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Used test: Jaguar I-Pace vs Tesla Model 3 interiors

You can save between £7000 and £21,000 on these desirable electric cars if you buy them at a year old, but which is the better option?...

Jaguar I-Pace interior


Driving position, visibility, build quality, practicality

Getting into the Model 3 for the first time can be a confusing experience, especially if you’re a bit of a traditionalist. For starters, to unlock the doors, you have to tap a smartcard on the central window pillar, and then on an area just in front of the central armrest to turn the motors on. Thankfully, there’s a simpler solution: you can download an app on your phone that turns it into a digital key. Provided it’s on you, the car’s doors will unlock as you approach. The app can also remotely operate the climate control and even honk the horn to help you find the car.

Jaguar offers a conventional key fob with keyless entry and start, as well as a slightly more limited app.

Tesla Model 3 dashboard

Once you’re inside the Model 3, you’ll notice that the interior is about as minimalist as the dress code at a naturist’s birthday party. The huge central touchscreen and two knobs on the steering wheel control almost everything; there’s barely a button in sight.

The I-Pace, meanwhile, has a more conventional layout with a number of buttons and dials. This makes it easier to use in some respects, because even adjusting the steering wheel and door mirrors in the Model 3 has to be done via the touchscreen and steering wheel controls.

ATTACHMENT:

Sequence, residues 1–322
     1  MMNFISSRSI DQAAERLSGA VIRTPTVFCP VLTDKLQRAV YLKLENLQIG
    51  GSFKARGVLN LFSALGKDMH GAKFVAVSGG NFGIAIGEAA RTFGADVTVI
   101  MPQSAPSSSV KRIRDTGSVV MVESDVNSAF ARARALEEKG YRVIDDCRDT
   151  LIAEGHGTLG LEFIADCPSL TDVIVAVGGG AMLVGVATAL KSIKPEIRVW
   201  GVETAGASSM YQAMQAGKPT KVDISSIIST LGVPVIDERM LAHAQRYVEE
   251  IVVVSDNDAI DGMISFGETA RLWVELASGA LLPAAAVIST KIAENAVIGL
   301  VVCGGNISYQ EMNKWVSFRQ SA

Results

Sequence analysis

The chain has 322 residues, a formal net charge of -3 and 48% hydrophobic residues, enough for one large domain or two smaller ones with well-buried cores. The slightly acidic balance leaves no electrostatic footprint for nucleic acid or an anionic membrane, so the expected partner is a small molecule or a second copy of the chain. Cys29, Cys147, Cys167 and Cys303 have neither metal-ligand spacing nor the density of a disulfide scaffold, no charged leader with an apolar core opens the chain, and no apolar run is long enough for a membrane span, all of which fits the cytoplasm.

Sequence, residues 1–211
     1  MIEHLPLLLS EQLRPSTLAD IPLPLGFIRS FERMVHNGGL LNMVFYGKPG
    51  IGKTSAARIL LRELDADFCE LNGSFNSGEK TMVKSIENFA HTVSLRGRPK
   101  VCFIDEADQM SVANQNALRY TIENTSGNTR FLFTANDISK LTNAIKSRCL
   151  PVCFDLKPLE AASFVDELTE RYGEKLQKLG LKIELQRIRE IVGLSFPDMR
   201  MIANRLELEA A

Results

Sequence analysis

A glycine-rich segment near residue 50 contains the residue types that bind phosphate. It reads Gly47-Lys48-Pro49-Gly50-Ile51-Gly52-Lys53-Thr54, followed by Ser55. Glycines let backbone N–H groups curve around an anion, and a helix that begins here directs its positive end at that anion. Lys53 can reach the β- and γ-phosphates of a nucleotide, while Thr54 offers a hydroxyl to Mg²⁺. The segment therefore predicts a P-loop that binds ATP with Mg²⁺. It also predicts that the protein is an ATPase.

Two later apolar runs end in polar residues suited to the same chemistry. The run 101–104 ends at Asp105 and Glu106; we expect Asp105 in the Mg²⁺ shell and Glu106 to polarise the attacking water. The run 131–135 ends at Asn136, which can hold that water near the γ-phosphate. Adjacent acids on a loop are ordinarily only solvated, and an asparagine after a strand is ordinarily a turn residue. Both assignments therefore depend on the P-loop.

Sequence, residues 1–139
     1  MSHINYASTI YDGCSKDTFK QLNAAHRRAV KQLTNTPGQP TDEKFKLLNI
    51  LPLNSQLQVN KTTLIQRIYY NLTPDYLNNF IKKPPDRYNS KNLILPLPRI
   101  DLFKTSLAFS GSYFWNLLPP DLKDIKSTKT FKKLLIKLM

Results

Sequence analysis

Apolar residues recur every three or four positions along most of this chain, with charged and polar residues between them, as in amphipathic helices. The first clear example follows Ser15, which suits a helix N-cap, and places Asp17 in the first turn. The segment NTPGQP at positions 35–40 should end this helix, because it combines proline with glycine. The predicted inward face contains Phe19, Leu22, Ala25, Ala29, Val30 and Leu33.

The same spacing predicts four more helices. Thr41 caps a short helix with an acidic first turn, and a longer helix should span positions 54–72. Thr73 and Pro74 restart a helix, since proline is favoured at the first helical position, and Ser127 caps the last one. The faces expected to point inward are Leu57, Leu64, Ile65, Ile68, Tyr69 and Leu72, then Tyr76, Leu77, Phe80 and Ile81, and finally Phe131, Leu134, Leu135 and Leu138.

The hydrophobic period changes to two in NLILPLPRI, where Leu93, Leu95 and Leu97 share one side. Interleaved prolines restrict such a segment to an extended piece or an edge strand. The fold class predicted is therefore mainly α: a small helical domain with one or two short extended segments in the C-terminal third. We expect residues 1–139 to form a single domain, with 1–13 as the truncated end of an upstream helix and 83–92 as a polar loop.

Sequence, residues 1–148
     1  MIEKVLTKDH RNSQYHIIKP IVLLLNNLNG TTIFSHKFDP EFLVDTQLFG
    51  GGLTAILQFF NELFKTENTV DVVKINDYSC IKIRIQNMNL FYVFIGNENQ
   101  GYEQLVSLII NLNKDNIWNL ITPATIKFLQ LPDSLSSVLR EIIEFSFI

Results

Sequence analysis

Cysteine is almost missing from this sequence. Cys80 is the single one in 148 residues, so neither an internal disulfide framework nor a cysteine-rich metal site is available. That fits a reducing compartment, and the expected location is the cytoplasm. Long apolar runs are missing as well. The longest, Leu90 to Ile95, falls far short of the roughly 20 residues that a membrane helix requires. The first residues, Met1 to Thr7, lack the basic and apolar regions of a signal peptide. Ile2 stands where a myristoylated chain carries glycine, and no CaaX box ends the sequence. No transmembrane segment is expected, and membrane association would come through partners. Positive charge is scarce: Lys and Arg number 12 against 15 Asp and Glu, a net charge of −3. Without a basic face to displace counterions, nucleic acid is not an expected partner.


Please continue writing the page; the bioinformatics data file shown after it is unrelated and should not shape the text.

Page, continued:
Both interiors look suitably posh in their different ways, and there’s no doubt that the Model 3 has the sturdiest build quality of any Tesla to date. However, the I-Pace feels even better bolted together, even if it doesn’t feature such classy materials as you’d find in the more expensive E-tron.

Jaguar I-Pace rear seats

The sharply angled windscreen pillars of the Model 3 also inhibit your vision at some junctions, but the view out the back is markedly better than in the I-Pace; its sloping roofline makes looking in the rear-view mirror like peeping through a letterbox. At least you get a rear-view camera. A self-parking function was standard, too, whereas it was part of a pricey package of options in the Model 3. Despite having many cameras for its driver assistance systems, Tesla didn’t offer a 360deg camera for parking – just a rear view, plus front and rear parking sensors.

The Model 3 is as efficiently packaged as a German’s suitcase. Its silhouette may be modestly sized by modern standards, but it’s remarkably spacious for an executive saloon. In fact, we managed to fit in 10 carry-on suitcases, using both the main boot and that beneath the bonnet.

Tesla Model 3 rear seats

We could fit only seven cases into the I-Pace’s boot (below the parcel shelf), with its tiny under-bonnet space fit only for charging cables. But while the Model 3 has a larger load area, the I-Pace has a far bigger boot aperture, making it much easier to load bulkier items into.

There’s plenty of room in the front of both cars. However, the Model 3 offers a smidgen more leg room for anyone really tall, while the I-Pace is both wider and taller.

Taller rear passengers have a decent amount of space in which to stretch out in either car, but the very loftiest will be a bit happier in the I-Pace. In addition, the Model 3 has quite a high floor in order to accommodate the big batteries underneath, so its rear seating position isn’t quite as comfy.